Civilians rarely ride with the Thunderbirds, an Air Force demonstration team that performs aerobatics at airshows. But Mark Lillis ’88 climbed into an F-16 last year and witnessed heart-stopping maneuvers from inside the cockpit. Before the flight, he spent three hours learning how to breathe, handle G forces and exit the aircraft in an emergency, and he earned a 9G pin for staying conscious and keeping his lunch down. The mayor of Fairfield, Calif., had nominated Mark as a Hometown Hero for setting up a successful after-school tutoring and mentoring program, and the Thunderbird fighter pilots honored him with the ride of a lifetime.
After graduating from Westmont, Mark worked for a Santa Barbara city councilman before becoming operations manager at Las Positas Park, where he started a summer camp program. He then coordinated youth programs for the Santa Barbara Parks and Recreation Department and taught communication studies at Santa Barbara City College. Meanwhile, he earned a master’s degree at Azusa Pacific University in organization and leadership development.
In 2000, Mark returned to Fairfield, his hometown, to organize community programs for youth and oversee city athletic facilities. But he wanted to explore being an entrepreneur, so he opened a pizza restaurant, selling it after a year. “It’s tough work being entrepreneurial,” he says.
When his church, Parkway Community, adopted a non-profit venture, Mark’s experience with youth programs made him the logical person to direct it. “We wanted to minister to our neighborhood, which was turning violent,” he says.“In 2005 we followed the example of a congregation in Sacramento and set up a free tutoring center in a nearby apartment complex serving low- income residents.”The city, county and other organizations joined in the project, which became Leaven, a non-profit organization that now reaches 200 children and 700 families through five neighborhood centers.As executive director, Mark works with full-time site directors and more than 100 volunteers, who include police officers, city council members, seniors and students. He also raises the funds for the program, which promotes good health, nutrition and exercise for families as well as tutoring and mentoring for youth.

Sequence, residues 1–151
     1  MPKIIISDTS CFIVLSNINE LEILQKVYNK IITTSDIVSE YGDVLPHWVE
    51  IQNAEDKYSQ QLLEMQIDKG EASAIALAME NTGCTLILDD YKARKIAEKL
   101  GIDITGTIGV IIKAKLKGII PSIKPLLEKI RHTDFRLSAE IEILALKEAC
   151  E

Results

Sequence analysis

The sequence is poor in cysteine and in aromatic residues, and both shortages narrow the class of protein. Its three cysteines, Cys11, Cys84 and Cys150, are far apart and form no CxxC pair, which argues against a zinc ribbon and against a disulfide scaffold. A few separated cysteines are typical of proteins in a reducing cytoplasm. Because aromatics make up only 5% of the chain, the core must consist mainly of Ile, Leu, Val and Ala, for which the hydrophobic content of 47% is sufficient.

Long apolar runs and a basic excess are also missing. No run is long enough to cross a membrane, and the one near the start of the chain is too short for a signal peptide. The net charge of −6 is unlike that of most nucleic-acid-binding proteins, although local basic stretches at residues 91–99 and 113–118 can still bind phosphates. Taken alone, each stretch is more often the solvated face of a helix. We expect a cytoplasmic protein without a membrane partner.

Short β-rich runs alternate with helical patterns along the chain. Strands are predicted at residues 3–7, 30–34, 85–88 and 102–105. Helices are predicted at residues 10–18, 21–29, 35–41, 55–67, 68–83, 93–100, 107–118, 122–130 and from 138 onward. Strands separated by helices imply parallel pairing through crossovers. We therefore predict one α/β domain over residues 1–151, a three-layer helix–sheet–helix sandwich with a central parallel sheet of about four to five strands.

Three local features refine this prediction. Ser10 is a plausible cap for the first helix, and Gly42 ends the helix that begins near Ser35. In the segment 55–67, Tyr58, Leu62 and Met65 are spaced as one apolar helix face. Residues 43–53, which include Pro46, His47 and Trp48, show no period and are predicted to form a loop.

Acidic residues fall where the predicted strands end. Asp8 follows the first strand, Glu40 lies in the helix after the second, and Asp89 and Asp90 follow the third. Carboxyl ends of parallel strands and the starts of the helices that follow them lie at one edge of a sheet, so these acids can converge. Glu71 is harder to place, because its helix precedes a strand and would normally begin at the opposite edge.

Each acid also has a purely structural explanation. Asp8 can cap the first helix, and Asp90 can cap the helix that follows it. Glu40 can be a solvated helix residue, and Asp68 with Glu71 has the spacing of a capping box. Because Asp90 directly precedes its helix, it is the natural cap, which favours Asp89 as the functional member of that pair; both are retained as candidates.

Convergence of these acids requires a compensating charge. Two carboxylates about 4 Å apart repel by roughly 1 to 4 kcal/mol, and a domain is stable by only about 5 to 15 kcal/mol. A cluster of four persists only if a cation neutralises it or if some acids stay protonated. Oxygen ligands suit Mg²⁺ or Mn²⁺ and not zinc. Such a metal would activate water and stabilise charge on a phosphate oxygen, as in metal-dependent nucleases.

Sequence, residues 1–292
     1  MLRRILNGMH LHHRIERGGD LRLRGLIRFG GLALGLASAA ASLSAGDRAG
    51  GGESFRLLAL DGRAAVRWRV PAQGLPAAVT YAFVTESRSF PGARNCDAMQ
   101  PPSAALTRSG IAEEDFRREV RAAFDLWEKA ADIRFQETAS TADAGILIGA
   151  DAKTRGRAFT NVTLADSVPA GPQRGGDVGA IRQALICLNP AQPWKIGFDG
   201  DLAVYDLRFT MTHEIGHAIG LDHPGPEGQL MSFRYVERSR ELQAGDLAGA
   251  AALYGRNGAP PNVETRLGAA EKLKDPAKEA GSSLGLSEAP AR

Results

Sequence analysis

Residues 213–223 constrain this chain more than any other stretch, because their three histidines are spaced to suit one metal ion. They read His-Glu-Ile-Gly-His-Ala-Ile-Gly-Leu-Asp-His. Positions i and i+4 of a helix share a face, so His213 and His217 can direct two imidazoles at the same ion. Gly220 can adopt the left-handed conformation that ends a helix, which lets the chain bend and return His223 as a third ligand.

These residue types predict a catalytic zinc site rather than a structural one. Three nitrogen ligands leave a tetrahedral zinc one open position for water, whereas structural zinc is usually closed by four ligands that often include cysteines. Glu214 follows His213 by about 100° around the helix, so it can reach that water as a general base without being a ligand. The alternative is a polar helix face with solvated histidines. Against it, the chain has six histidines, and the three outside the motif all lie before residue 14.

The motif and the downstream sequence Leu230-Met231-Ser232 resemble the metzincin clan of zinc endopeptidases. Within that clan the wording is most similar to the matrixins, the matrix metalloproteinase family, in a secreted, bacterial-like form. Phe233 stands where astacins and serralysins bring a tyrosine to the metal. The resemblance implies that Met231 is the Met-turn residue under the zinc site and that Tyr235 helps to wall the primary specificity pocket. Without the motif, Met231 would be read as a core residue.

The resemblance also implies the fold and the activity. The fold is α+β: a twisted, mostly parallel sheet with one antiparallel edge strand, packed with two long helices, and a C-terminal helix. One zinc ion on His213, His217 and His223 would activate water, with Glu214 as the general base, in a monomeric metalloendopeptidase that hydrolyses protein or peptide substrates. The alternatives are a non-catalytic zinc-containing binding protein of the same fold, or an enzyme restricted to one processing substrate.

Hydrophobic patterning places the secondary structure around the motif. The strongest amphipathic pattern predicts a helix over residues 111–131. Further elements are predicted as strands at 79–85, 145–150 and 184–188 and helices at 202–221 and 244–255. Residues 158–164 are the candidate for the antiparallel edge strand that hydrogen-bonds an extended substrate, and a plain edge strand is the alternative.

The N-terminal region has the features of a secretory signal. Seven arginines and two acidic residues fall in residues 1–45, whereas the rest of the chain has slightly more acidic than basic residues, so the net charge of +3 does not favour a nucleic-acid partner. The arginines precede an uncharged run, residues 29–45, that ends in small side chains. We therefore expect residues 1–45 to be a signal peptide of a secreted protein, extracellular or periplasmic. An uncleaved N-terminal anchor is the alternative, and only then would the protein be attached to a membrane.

“Our purpose is to share the love and compassion of Jesus Christ through acts of mercy and help to our neighbors,” Mark says. He sees the centers as a mission field where Christians engage in community service, assist at-risk youth and support families.“Students are doing better in school, truancy and absenteeism have declined, and crime rates have dropped,” he says. Impressed by these results, the owners of a complex housing a tutoring center in Fairfield asked Leaven to start a program at one of their properties in San Bernardino, Calif.
“We’ve developed a cost-effective model that uses abandoned facilities—and the recession has created lots of unused spaces,” Mark says.“We offer a way for churches to serve outside their walls and expand the kingdom to bless members as well as make an impact in the community.”
Two Westmont alumni help Mark tell the story of Leaven. Todd Slocum ’93 produces videos about the ministry, posted on the website (www.myleaven.org) and on YouTube, and Matt Rhodes ’93 does graphic design.
Mark intends to stay in Fairfield with his wife, Melinda, and their new son, Hudson, and he’ll continue looking for ways to serve his hometown.